Open-Source LLMs

In February, Meta released its large language model: LLaMA. Unlike OpenAI and its ChatGPT, Meta didn’t just give the world a chat window to play with. Instead, it released the code into the open-source community, and shortly thereafter the model itself was leaked. Researchers and programmers immediately started modifying it, improving it, and getting it to do things no one else anticipated. And their results have been immediate, innovative, and an indication of how the future of this technology is going to play out. Training speeds have hugely increased, and the size of the models themselves has shrunk to the point that you can create and run them on a laptop. The world of AI research has dramatically changed.

This development hasn’t made the same splash as other corporate announcements, but its effects will be much greater. It will wrest power from the large tech corporations, resulting in both much more innovation and a much more challenging regulatory landscape. The large corporations that had controlled these models warn that this free-for-all will lead to potentially dangerous developments, and problematic uses of the open technology have already been documented. But those who are working on the open models counter that a more democratic research environment is better than having this powerful technology controlled by a small number of corporations.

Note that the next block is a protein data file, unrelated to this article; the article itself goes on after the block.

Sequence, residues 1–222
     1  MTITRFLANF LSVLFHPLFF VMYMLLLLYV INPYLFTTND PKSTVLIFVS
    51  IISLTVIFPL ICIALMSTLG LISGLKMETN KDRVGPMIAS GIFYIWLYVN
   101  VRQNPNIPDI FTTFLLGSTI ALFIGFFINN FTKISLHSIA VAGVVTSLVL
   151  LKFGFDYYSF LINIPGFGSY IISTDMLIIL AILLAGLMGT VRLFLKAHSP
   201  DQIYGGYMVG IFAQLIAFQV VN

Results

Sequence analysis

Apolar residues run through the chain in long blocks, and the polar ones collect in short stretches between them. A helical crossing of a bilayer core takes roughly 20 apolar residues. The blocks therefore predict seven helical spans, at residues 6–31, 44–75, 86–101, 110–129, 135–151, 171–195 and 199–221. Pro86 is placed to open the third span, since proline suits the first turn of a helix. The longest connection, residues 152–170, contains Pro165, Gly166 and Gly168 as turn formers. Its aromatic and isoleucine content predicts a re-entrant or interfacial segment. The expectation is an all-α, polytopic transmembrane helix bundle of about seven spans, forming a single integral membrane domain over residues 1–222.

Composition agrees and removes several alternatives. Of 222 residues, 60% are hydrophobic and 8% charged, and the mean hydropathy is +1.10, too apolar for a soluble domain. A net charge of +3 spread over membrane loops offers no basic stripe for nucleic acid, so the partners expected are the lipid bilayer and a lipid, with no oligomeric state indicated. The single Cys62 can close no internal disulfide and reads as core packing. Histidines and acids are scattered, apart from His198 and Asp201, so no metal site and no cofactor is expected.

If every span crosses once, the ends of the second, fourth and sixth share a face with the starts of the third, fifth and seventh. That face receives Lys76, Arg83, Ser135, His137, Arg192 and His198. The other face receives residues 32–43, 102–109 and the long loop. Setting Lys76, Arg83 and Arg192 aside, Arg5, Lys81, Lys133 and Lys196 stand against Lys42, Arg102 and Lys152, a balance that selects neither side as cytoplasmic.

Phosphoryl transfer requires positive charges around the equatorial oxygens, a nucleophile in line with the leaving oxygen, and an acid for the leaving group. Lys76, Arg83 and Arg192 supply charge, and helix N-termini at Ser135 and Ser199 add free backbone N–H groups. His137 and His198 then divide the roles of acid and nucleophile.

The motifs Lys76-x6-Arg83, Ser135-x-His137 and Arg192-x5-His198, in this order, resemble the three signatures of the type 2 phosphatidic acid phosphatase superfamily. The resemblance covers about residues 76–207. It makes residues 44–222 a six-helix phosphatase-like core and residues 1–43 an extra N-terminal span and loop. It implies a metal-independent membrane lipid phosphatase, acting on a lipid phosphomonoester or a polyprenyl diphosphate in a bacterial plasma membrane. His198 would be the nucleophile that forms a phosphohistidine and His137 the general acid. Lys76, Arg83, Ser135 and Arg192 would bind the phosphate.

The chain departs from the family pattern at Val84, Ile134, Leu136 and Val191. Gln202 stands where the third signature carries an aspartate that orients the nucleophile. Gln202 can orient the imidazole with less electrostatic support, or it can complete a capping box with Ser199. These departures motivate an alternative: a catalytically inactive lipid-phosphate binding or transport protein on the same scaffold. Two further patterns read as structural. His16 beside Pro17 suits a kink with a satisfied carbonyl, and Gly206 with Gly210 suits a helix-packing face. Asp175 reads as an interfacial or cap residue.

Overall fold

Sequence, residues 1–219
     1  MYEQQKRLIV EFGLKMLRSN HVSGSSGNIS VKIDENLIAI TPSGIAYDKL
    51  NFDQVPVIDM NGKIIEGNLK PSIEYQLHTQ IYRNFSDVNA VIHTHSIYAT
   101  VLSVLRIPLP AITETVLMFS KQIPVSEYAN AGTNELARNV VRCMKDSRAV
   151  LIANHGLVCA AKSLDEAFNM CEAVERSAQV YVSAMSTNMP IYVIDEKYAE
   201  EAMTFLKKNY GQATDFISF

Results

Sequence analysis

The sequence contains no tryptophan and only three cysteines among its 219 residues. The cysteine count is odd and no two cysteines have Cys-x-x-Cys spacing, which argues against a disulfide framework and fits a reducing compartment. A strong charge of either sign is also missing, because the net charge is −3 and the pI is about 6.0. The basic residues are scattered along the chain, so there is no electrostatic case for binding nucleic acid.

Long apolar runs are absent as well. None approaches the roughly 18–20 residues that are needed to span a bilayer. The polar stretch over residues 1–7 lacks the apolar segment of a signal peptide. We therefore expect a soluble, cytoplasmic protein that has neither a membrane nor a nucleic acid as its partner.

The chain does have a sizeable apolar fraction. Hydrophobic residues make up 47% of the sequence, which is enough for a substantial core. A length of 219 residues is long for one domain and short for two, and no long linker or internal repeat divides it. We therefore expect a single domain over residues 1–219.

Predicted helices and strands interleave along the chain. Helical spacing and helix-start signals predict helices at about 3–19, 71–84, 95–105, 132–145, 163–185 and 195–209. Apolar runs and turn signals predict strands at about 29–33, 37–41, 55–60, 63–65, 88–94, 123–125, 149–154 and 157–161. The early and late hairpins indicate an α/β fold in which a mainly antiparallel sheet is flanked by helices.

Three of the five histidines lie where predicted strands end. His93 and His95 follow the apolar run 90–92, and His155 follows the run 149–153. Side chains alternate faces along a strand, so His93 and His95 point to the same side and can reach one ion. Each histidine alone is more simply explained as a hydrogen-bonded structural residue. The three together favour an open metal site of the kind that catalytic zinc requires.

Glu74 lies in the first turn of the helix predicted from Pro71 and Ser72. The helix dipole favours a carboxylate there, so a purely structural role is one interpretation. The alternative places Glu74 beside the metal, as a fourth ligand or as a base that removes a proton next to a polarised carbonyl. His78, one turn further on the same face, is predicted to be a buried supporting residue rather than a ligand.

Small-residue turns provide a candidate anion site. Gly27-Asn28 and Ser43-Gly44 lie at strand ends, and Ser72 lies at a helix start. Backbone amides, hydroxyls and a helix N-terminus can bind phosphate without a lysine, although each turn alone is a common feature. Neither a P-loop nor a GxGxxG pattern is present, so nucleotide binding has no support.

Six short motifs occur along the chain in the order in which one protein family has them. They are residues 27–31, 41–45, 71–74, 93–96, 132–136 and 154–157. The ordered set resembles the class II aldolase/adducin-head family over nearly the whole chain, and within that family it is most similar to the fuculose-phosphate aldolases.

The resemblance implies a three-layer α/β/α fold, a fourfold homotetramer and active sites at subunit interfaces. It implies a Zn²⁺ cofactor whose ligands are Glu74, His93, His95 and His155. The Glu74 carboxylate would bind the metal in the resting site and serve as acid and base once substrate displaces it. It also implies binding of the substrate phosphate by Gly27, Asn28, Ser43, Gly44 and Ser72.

The power shift comes from simplification. The LLMs built by OpenAI and Google rely on massive data sets, measured in the tens of billions of bytes, computed on by tens of thousands of powerful specialized processors producing models with billions of parameters. The received wisdom is that bigger data, bigger processing, and larger parameter sets were all needed to make a better model. Producing such a model requires the resources of a corporation with the money and computing power of a Google or Microsoft or Meta.

But building on public models like Meta’s LLaMa, the open-source community has innovated in ways that allow results nearly as good as the huge models—but run on home machines with common data sets. What was once the reserve of the resource-rich has become a playground for anyone with curiosity, coding skills, and a good laptop. Bigger may be better, but the open-source community is showing that smaller is often good enough. This opens the door to more efficient, accessible, and resource-friendly LLMs.

More importantly, these smaller and faster LLMs are much more accessible and easier to experiment with. Rather than needing tens of thousands of machines and millions of dollars to train a new model, an existing model can now be customized on a mid-priced laptop in a few hours. This fosters rapid innovation.